April 2016: The role of patient navigators
Electra Paskett, PhD, MSPH, keynote speaker at Dana-Farber's 2016 Cancer Disparities Research Symposium
Since Dana-Farber began its patient navigator program in 2005, these important members of the health care team have been helping individuals facing
language barriers, financial hardships, racial/cultural biases, and other challenges as they access cancer care. Now there is evidence that navigators not only enable underserved patients to better understand and fight their disease, but they can
also have a profound impact on a region's cancer disparity and mortality rates.
As keynote speaker at the fourth annual Cancer Disparities Research Symposium, held at Dana-Farber on April 5, 2016, Electra Paskett, PhD, MSPH, director of the Division of Cancer Prevention and Control at The Ohio State University, gave a powerful example
of the value of patient navigators. Under the Delaware Cancer Consortium, she explained, that state offered 5,000 free colorectal screenings and colonoscopies from 2002-2011 to underserved individuals at risk for the disease – mostly African-Americans.
All those diagnosed with colorectal cancer were then given free access to patient
navigators during their treatment.
The results were dramatic. Screening rates increased and incidence rates decreased for all groups during the 10-year intervention, and racial disparities disappeared. In 2002, for instance, African-Americans age 50 or older in Delaware were 10 percent
less likely to have a colonoscopy than their Caucasian counterparts; within 10 years, the gap was gone.
"Delaware eliminated the disparity in how early and often African-Americans were screened, eliminated the incidence disparity between blacks and whites, and almost eliminated a huge mortality disparity – with mortality decreasing by 20 percent overall
in 10 years," said Paskett. "The program cost $7 million annually, but with the increased screenings, there were fewer incidences of cancer and cancers caught at earlier stages – which saved Delaware $8.5 million a year. That's a net cost savings
of $1.5 million annually for the state."
Symposium co-hosts Christopher Lathan, MD, MS, MPH (left), and Karen Burns White, MS (right), with keynote speaker Electra Paskett, PhD, MSPH
The symposium was held during National Minority Cancer Awareness Week, and is part of an ongoing effort by Dana-Farber's Cancer Care Equity Program and the Initiative to Eliminate Cancer Disparities (IECD) at Dana-Farber/Harvard Cancer Center to raise awareness of these issues. Other sponsors included the Harvard Catalyst Health Disparities Research Program, the Harvard Medical School office for Diversity Inclusion and Community Partnership,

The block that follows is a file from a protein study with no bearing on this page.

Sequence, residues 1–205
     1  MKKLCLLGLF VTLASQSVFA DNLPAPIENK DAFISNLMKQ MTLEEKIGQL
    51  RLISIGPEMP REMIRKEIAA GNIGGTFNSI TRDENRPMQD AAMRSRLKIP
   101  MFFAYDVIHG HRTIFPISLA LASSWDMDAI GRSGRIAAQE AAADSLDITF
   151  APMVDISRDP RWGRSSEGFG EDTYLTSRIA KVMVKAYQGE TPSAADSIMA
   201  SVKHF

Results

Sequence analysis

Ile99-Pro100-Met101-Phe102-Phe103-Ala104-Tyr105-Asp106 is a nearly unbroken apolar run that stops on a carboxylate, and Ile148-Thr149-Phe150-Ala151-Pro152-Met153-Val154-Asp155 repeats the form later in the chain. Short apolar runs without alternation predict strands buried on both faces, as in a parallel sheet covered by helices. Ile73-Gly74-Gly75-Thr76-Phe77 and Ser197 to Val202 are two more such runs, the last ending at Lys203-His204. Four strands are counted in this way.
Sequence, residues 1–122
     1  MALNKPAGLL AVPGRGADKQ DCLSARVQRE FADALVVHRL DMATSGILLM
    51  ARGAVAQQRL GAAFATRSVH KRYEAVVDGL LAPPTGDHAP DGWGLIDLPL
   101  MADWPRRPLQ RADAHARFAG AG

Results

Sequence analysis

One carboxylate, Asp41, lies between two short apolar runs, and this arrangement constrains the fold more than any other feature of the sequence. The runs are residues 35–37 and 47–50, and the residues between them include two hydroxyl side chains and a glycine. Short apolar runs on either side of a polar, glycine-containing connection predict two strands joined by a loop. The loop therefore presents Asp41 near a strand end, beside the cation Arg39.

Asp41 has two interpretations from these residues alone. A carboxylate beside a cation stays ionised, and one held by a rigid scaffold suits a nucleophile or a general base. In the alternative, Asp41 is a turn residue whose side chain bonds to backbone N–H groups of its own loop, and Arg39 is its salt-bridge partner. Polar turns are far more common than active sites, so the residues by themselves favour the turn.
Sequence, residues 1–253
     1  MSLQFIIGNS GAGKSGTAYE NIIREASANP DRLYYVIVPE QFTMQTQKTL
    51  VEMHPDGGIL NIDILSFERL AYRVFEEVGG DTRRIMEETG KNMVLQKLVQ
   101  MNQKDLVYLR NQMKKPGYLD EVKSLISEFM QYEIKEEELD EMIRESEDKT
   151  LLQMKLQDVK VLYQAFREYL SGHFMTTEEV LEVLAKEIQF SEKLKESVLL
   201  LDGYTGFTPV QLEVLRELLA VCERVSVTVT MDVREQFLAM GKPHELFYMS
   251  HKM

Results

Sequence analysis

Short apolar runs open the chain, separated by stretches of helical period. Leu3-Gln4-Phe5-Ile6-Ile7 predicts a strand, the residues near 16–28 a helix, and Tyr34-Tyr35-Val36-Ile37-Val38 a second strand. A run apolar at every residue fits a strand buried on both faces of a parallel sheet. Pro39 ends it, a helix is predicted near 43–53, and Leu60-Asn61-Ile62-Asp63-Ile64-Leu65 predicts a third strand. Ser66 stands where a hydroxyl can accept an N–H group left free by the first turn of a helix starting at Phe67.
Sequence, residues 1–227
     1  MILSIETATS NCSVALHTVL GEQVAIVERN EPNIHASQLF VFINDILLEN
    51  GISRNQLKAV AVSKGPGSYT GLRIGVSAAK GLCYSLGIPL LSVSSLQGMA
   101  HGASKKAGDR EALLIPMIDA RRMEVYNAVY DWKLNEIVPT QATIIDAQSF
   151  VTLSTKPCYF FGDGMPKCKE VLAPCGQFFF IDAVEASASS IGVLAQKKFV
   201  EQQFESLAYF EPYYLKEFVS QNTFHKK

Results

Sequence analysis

and the Harvard T.H. Chan School of Public Health Lung Cancer Disparities Center.
"Cancer has, and continues to have, a disproportionately severe impact on minorities and the economically disadvantaged," Karen Burns White, MS,
IECD deputy associate director and co-host of the symposium, said in her opening remarks. "It is without question that although we are making strides at Dana-Farber, and across the broader cancer center, there continue to be opportunities to enhance
our role and to create the necessary and deliberate outcomes that are needed to reduce unequal burden."
One suggestion, posed by Paskett, is a national program similar to the Delaware Consortium Plan. If such a program were enacted, she said, there would be 4,200 fewer African- Americans diagnosed with colorectal cancer each year – and 2,700 fewer deaths.
Citing the $14 billion annual cost of colorectal cancer incidence and mortality across the United States, Paskett asked the crowd to "imagine if we can save billions in costs and reduce pain and suffering. It is possible."
Group breakout sessions after Paskett's talk centered on three key areas within disparities research:
- Risk and prevention, led by Marcela Del Carmen, MD, medical director of the Massachusetts General Physicians Organization
- Outcomes, with Jennifer Tseng, MD, MPH, chief of the Division of Surgical Oncology and clinical co-director of the Cancer Center at Beth Israel/Deaconess Medical Center
- Interventions and navigation, led by Karen Winkfield, MD, PhD, director of Hematologic Radiation Oncology at Massachusetts General Hospital
"Dr. Paskett's work is an excellent example of utilizing the research process not just to describe disparities but also to take action to alleviate the disparities," says Christopher Lathan, MD, MS, MPH,
faculty director of Cancer Care Equity and co-host with Burns White. "We have the opportunity here to make an incredible impact on equity in cancer care, right in own proverbial back yard. We were honored to be able have her share her passion and